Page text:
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BBC, SKY NEWS (UK), SYDNEY MORNING HERALD (Australia), FRANCE 24, EURONEWS

Worldcrunch

ALGIERS - Foreign governments and news outlets were working Monday to verify the number of hostages killed during a bloody four-day Islamist terrorist seige of a gas treatment plant in southeastern Algeria.

The Algerian government, which has been criticized by some for both for its aggressive response to the terror assault and for the spotty information on casualties, officially cites 23 hostages and 32 terrorists dead.

But two days after the seige ended, the numbers are still foggy, reports the BBC. By most independent news media accounts, the death count among hostages -- including both Algerians and foreigners -- has passed 50, and is expected to rise further.

Local news reports state 25 bodies were found on Sunday, thought to be executed hostages. Algerian officials are expected to further update the press later Monday. Foreign governments and embassies have confirmed dead and missing from Japan, France, the Philippines, Malaysia, U.K., U.S., Colombia, Norway.

The brain of the operation, Mokhtar Belmokhtar, has now suddenly risen on the list of the world’s Most Wanted terrorists. Both U.S. and U.K. security officials have indicated that they will devote particular attention to hunt him down, including the possible use of drone attacks or special forces dispatch in friendly African states to widen the range of his counter-terrorism policy on the continent, reports the Sydney Morning Herald.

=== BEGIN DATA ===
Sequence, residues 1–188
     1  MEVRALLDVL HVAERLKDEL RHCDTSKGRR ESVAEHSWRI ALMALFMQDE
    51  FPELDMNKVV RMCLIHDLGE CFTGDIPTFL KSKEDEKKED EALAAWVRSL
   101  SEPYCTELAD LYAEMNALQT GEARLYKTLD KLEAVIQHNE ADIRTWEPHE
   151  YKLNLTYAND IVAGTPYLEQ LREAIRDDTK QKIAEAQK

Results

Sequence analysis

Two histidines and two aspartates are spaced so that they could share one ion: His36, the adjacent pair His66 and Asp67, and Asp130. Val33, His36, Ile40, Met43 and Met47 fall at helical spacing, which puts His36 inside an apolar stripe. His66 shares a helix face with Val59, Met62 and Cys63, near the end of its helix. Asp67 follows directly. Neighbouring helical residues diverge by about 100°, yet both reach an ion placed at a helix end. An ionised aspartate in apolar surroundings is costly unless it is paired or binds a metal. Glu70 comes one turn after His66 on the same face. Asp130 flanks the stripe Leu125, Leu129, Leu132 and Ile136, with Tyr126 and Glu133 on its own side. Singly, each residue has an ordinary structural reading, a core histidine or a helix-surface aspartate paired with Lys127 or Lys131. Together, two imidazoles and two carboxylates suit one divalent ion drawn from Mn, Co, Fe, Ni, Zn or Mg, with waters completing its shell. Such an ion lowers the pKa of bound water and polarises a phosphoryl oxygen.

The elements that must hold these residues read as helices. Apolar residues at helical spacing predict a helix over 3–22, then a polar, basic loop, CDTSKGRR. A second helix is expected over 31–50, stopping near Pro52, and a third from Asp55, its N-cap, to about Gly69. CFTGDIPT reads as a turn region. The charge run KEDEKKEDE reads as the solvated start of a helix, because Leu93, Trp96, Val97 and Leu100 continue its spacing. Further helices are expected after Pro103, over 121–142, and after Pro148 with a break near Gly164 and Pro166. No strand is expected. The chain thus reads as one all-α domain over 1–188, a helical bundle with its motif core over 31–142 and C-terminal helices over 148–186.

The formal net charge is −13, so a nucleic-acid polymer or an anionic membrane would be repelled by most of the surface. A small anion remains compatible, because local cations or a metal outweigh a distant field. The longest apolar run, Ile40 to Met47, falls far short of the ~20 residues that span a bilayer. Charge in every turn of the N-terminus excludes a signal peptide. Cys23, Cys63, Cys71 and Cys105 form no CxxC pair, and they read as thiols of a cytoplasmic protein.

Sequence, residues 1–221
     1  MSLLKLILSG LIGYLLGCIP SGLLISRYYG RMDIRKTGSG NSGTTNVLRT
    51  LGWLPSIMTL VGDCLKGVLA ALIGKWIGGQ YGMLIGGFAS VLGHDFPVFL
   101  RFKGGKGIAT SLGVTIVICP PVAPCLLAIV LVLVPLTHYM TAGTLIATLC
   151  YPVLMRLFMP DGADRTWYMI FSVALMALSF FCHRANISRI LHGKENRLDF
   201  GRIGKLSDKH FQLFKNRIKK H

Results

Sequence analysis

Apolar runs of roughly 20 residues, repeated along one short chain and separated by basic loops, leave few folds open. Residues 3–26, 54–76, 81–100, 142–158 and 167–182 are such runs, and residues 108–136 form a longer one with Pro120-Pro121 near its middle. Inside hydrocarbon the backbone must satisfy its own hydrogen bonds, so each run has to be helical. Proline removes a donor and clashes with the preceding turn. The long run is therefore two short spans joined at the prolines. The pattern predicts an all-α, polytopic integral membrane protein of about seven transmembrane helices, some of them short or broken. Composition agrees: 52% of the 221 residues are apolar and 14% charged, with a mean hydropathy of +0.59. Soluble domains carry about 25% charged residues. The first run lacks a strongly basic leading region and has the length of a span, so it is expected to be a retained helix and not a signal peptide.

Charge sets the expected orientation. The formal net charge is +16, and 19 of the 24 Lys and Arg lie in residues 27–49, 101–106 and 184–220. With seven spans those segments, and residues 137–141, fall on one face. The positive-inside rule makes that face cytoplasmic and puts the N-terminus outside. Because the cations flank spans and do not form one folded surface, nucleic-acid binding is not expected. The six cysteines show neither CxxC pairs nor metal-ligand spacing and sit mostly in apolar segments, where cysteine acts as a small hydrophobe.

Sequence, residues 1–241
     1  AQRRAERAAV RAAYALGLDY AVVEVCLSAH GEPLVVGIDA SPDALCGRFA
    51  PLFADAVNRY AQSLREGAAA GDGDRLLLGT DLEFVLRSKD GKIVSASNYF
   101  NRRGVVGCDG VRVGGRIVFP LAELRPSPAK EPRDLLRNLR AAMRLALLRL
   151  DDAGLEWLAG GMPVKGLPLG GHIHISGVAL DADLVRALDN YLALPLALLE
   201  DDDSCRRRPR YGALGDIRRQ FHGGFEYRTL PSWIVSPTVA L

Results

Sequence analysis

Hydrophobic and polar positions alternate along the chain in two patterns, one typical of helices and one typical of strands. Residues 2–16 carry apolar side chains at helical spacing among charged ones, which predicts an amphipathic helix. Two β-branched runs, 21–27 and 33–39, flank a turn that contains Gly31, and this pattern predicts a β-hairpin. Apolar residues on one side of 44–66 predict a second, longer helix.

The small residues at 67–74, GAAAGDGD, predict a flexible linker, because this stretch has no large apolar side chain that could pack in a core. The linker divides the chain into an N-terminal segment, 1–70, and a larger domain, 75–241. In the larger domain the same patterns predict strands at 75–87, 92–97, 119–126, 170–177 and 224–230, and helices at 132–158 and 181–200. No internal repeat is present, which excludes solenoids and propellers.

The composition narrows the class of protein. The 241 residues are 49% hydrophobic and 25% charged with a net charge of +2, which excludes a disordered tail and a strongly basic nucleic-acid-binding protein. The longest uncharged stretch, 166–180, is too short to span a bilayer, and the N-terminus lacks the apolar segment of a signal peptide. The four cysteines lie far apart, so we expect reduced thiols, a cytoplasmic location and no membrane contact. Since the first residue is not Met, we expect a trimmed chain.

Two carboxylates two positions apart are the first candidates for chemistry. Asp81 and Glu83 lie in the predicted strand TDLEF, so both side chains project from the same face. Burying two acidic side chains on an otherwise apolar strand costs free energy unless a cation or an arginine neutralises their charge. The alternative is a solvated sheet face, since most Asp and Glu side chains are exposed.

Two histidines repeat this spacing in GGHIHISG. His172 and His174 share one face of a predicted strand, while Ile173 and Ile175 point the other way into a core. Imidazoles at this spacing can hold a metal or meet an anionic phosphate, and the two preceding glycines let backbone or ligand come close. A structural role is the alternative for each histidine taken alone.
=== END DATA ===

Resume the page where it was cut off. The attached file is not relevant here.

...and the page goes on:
Belmokhtar claiming responsiblity for the attack (Al-Jazeera)

According to reports, from the moment the initial blitz occurred last Wednesday morning, members of the terrorist group were only interested in targetting the foreigners. The Sydney Morning Herald published a statement by an Algerian survivor who witnessed a glimpse of the assailants’ unwavering resolution as they were trying to get everyone to come out of hiding: “He said they ordered the British man to yell, “They’re not going to kill you. They’re looking for the Americans.” A few minutes later, they blew him away.”

While every country with citizens involved in the event is waiting for confirmation on the fate of their nationals, the BP site should be back up and running later this week. Minister of Energy Youcef Yousfi stated that “Workers have begun returning to the site . We will strengthen security,” reports Sky news.

The attack may have repercussions on the upcoming investments in this region’s energy business and therefore lead to inflation, according to an analysis from France 24.

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Society

Mahsa Amini, Martyr Of An Iranian Regime Designed To Abuse Women

The 22-year-old is believed to have been beaten to death at a Tehran police station last week after "morality police" had reprimanded her clothing. The case has sparked the nation's outrage. But as ordinary Iranians testify, such beatings, torture and a home brand of misogyny are hallmarks of the 40-year Islamic Republic of Iran.

Mahsa Amini

Firouzeh Nordstrom

-Analysis-

TEHRAN — The death in Iran of a 22-year-old Mahsa Amini — after she was arrested by the so-called "morality police" — has unleashed another wave of protests, as thousands of Iranians vent their fury against an intrusive and violent regime. Indeed, as tragically exceptional as the circumstances appear, the reaction reflects the daily reality of abuse by authorities, especially directed toward women

Amini, a Kurdish-Iranian girl visiting Tehran with relatives, was detained by the regime's morality patrols on Sept. 13, apparently for not respecting the Islamic dress code that includes proper use of the hijab headscarf. Amini was declared dead two or three days after being taken into custody. Officials say she fainted and died, and blamed a preexisting heart condition. But neither her family nor anyone else in Iran believe that, as can be seen in the mounting protests that have now left at least three dead.

For Amini's was hardly the first arbitrary arrest, or the first suspected death in custody under Iran's Islamic regime.

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